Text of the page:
The Tulane University School of Medicine provides both scientific (laboratory, clinical and international) resources and contract management. Their facilities include fully equipped immunology and virology laboratories run by Dr. Robert Garry, TUSM professor of pediatrics Dr. James Robinson, and their colleague Dr. Daniel Bausch, an Associate Professor in the Department of Tropical Medicine and Section of Infectious Diseases, Department of Internal Medicine, at the Tulane University Health Sciences Center. Formerly with the CDC Special Pathogens Branch, Dr. Bausch has extensive experience in sub-Saharan Africa, Latin America, and Asia combating pathogens such as Ebola and Lassa viruses, hantavirus, and SARS coronavirus. He serves as a frequent consultant for the World Health Organization, United Nations, and National Institutes of Health. Dr. Bausch places a strong emphasis on capacity building in all his research projects, which include epidemiology and control of viral hemorrhagic fevers and emerging pathogens; building research capacity in developing countries and he also has a keen interest in the role of the scientist in promoting health and human rights.
Dr. Garry also serves in the Tulane University administration as Assistant Dean for Graduate Studies in Biomedical Sciences, directing a large multidisciplinary training program. Research in the Garry Laboratory focuses on a number of aspects of viral pathogenesis. He was involved in collaborative studies that lead to the determination that entry proteins of enveloped viruses form at least three distinct structural classes.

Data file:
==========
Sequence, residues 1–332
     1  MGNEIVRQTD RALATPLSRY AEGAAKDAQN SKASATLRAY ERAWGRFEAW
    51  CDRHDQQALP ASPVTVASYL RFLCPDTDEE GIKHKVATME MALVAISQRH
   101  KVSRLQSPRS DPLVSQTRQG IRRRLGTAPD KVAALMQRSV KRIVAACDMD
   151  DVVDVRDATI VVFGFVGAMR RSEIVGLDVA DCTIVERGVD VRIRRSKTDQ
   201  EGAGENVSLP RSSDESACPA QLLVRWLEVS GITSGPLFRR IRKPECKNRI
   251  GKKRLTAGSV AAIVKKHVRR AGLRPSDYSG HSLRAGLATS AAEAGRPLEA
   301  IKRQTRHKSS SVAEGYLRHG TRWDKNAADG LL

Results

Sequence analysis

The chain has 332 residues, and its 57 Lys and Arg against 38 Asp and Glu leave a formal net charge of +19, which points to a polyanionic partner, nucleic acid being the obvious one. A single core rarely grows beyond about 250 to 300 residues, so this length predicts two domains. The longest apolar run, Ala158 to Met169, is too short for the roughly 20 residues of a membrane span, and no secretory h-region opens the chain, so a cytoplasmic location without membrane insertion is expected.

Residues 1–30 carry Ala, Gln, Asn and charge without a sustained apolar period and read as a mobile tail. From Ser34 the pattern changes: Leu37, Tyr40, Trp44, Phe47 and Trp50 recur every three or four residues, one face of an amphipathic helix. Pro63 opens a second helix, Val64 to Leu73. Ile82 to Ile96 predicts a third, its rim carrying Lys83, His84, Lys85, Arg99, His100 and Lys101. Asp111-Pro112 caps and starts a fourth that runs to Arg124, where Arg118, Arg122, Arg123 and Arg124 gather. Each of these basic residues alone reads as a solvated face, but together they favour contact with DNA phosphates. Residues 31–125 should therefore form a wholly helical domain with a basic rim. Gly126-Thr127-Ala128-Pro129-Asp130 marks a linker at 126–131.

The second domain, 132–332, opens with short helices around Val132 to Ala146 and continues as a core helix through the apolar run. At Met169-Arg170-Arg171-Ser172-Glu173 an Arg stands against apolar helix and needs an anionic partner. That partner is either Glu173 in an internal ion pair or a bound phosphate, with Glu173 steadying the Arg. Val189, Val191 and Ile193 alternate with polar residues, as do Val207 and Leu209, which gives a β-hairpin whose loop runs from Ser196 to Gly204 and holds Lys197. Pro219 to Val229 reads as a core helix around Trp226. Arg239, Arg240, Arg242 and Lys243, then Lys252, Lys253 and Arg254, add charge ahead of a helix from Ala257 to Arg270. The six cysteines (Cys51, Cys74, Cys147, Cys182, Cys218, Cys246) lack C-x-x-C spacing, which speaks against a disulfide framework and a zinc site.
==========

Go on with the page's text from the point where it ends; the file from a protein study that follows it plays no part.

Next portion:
The Corgenix ReLASV Antigen Test Kit is CE marked for diagnostic use in the EU and other international markets. It has not been cleared or approved for diagnostic use in the United States by the FDA. Corgenix Ebola products have not yet been cleared or approved for diagnostic use by any worldwide regulatory authority.
Corgenix develops and manufactures specialized diagnostic kits for various immunology disorders, vascular diseases (including the world’s only non-blood-based test for aspirin effect), bone and joint disorders and a line of unique detection products for viral hemorrhagic disease. Corgenix diagnostic products are commercialized for use in clinical laboratories throughout the world. The company currently sells over 50 diagnostic products through a global distribution network and has significant experience in product submissions to the FDA and other worldwide regulatory authorities. Additionally, Corgenix contract develops and manufactures products for key medical and life science companies in state-of-the-art facilities in Colorado. The company operates under a Quality Management System that is ISO 13485:2012 certified and compliant with FDA regulations.
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Viral Hemorrhagic Fever Consortium
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The Centers for Disease Control and Prevention
Kenema Government Hospital
Corgenix Medical Corporation
The Viral Hemorrhagic Fever Consortium
Kenema Government Hospital